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Erie Street Cemetery, Cleveland

3.2
#10 of 11 in Historic Sites in Cleveland
Erie Street Cemetery is a historic cemetery in downtown Cleveland, Ohio. It is the city's oldest existing cemetery.
The cemetery was established in 1826 at what was then the edge of the city, taking its name from East 9th Street's original name. It was the city's first permanent cemetery, replacing a community burial ground just south of Public Square. Many of Cleveland's earliest pioneers and leaders are buried there, including Lorenzo Carter, the city's first permanent white settler; and John W. Willey, the city's first mayor. The cemetery was open to members of all faiths.
During the administration of Mayor Tom L. Johnson in the early 20th century, bodies were moved from the cemetery to the municipally-owned Highland Park Cemetery, and parts of the cemetery were vacated for city streets. The Pioneers' Memorial Association was formed in 1915 to advocate for the cemetery. In 1925, its future was secured when City Manager William R. Hopkins decided to build the Lorain-Carnegie Bridge around, rather than through, the cemetery.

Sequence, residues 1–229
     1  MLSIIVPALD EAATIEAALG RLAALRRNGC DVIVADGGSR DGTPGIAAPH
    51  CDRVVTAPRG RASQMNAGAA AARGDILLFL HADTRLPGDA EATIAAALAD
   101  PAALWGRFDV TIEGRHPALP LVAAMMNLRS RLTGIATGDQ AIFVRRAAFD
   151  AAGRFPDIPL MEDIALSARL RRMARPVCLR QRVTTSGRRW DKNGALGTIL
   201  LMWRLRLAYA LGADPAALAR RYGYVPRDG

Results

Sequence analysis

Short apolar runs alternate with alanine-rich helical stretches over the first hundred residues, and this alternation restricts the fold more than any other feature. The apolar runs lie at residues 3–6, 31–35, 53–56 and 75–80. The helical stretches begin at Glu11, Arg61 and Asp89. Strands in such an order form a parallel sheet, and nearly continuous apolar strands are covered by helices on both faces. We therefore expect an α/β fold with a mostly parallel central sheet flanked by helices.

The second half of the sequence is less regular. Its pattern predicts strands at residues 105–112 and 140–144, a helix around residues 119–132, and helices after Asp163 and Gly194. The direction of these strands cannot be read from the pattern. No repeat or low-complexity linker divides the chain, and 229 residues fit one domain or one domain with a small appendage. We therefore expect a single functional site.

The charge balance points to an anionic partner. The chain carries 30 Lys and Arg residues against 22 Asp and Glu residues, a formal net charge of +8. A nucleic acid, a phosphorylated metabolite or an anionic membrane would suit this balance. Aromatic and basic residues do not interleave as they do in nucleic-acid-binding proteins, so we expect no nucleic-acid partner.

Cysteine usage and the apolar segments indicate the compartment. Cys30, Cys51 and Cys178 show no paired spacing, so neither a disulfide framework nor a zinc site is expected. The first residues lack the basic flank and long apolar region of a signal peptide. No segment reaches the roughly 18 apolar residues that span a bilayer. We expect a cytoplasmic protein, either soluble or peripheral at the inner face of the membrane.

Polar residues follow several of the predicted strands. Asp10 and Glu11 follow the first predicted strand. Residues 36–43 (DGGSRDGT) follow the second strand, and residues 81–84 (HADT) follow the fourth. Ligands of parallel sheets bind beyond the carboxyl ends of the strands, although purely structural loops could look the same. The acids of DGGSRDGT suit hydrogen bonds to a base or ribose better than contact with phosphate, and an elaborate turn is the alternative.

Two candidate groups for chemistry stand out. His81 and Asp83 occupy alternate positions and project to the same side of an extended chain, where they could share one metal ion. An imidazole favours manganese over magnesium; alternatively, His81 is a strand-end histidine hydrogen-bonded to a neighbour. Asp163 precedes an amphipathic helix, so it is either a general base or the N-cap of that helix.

Improvements and maintenance have been performed by groups including the Works Progress Administration and the Cleveland Grays. It was designated as an official Ohio historical site in October 2009, and it is a Cleveland City Landmark. Honors students at Cuyahoga Community College have conducted research about people buried in the cemetery.
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Erie Street Cemetery Reviews
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TripAdvisor Traveler Rating 3.5
9 reviews
Google
4.2
TripAdvisor
  • Super peaceful place to be in the city. Cool history. Scared some mail couriers smoking pot there, but they were cool LOL Sad it serves as more of a cut through. Wish more people would appreciate its ...  more »
Google
  • My husband passed about a week ago, in a freak tube incident. Very sad 0/10 stars. I decided to contact his local small business, to see if they accept tube burials, since the tube is really stuck on him, around him, on his dead corpse. The man I found behind this fine establishment offered me a proper burial for him next to the horses, and the only complaint was that I needed to give him my stash of My Little Pony DVDs. It was a good cost though, would go to this again if my next husband falls under similar circumstances.
  • E. 9th used to be called Erie St. Cool place to visit, but the homeless and vandalism situations need attention from the city. Still worth it, especially if you go on a weekday afternoon.

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